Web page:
Born 1961, Istanbul, Turkey
Lives and works in Istanbul, Barcelona, and London
2004–5 Carnegie Prize Winner
Kutlug Ataman's 40-channel video installation in this gallery constructs, voice
by voice, a communal portrait of Kuba, an alternative society in an Istanbul shanty
town that exists as an island amid neighboring high-rise buildings. The residents of
Kuba range from criminals, drug addicts, and teenage delinquents to religious radicals
to the very poor. Through uninterrupted soliloquies presented on individual monitors,
Kuba's residents reveal themselves, and collectively their stories establish the unique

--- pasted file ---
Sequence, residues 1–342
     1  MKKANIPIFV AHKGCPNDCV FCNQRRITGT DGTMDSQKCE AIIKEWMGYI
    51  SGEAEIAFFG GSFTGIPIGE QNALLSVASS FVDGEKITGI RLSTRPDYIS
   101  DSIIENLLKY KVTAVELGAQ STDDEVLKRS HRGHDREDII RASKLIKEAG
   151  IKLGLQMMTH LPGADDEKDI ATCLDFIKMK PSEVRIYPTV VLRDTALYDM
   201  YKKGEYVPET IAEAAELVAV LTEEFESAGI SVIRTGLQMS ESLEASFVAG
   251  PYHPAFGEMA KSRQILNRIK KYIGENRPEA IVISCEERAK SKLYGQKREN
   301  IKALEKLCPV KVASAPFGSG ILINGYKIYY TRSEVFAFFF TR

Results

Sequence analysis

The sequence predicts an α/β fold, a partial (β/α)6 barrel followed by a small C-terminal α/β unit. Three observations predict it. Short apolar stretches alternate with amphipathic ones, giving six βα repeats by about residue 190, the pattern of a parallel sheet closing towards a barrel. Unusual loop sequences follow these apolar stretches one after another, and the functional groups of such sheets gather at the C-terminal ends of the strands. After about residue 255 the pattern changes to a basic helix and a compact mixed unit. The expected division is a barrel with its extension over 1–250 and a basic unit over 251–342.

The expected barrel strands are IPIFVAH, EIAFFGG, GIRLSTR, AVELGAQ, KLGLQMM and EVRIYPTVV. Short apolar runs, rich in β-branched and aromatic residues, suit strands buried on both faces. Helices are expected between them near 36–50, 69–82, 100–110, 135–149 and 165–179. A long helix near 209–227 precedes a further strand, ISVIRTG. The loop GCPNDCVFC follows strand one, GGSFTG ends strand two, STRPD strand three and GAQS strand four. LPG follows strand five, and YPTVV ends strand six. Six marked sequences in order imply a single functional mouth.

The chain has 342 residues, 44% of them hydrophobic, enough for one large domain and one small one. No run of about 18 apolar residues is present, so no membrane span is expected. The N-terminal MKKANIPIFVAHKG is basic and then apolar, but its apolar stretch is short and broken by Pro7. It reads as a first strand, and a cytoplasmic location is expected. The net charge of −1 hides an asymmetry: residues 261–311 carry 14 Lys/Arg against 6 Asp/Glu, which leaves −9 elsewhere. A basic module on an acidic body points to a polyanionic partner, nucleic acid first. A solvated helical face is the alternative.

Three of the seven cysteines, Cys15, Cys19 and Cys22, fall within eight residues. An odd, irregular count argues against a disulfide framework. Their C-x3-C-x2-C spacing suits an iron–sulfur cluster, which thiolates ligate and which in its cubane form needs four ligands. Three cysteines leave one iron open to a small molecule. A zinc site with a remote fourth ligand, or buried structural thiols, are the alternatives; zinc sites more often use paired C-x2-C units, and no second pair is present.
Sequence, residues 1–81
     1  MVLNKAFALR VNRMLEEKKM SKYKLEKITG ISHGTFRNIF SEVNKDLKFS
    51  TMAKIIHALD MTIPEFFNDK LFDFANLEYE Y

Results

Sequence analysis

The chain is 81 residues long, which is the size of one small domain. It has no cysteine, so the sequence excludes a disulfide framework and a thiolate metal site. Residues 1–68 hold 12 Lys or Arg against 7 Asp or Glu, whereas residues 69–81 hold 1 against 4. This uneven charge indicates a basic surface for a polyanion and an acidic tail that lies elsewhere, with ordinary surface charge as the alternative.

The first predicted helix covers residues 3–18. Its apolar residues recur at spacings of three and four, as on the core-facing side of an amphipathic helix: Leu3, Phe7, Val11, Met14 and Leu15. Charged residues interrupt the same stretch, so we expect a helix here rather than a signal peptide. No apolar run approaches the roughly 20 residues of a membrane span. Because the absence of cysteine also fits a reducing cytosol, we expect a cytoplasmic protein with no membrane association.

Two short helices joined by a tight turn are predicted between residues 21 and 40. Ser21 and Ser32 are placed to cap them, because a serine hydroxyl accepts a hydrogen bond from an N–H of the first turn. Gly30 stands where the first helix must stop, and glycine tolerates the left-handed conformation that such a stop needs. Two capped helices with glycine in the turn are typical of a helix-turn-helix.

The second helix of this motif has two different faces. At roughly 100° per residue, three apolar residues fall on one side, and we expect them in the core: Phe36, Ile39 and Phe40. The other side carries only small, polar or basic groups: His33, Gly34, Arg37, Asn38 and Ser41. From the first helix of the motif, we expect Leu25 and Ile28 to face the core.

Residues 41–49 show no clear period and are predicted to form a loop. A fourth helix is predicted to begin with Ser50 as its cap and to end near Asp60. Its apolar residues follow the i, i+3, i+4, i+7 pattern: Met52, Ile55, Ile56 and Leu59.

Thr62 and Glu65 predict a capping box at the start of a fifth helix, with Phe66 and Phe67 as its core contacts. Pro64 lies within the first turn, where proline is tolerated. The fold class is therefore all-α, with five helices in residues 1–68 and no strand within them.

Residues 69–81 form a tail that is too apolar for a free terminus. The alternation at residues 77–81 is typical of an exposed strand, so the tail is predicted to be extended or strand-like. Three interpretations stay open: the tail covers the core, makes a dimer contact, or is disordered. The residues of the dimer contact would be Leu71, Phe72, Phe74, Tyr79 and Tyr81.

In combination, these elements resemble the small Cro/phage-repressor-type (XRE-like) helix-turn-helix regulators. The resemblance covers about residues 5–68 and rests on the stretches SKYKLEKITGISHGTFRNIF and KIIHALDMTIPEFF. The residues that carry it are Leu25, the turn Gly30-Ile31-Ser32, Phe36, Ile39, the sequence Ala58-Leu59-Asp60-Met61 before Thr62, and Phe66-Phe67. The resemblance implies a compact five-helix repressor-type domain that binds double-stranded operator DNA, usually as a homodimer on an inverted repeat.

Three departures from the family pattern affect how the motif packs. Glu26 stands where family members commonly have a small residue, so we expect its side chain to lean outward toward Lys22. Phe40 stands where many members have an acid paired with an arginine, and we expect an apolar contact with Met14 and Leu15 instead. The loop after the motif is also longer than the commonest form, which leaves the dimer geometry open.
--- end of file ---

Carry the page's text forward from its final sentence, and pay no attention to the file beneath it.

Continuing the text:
identity of a community where freedom and individual rights are valued over traditional
laws and established norms. There is no indication whether the stories that Kuba's
residents tell are straight autobiography or fantasy, because Ataman is interested
less in separating truth from fiction than in presenting the complex intertwining of
the two. The result is a compelling portrait of a self-constructed society composed of
individual identities yet grounded in a web of community values that embrace nearly
unlimited personal freedom and mutual tolerance.
Anton, Saul. "A Thousand Words: Kutlug Ataman Talks About 1+1=1." Artforum 41, no. 6 (February 2003): 116–17.
Honigman, Ana Finel. "Kutlug Ataman." Tema Celeste 93 (September–October 2002): 91.
Kuba. Exhibition catalogue. London: Artangel, 2004.
Kutlug Ataman: A Rose Blooms in the Garden of Sorrows. Exhibition catalogue. Vienna: BAWAG Foundation, 2002.
Smith, Roberta. "Kutlug Ataman's 'Never My Soul.'" New York Times, July 12, 2002.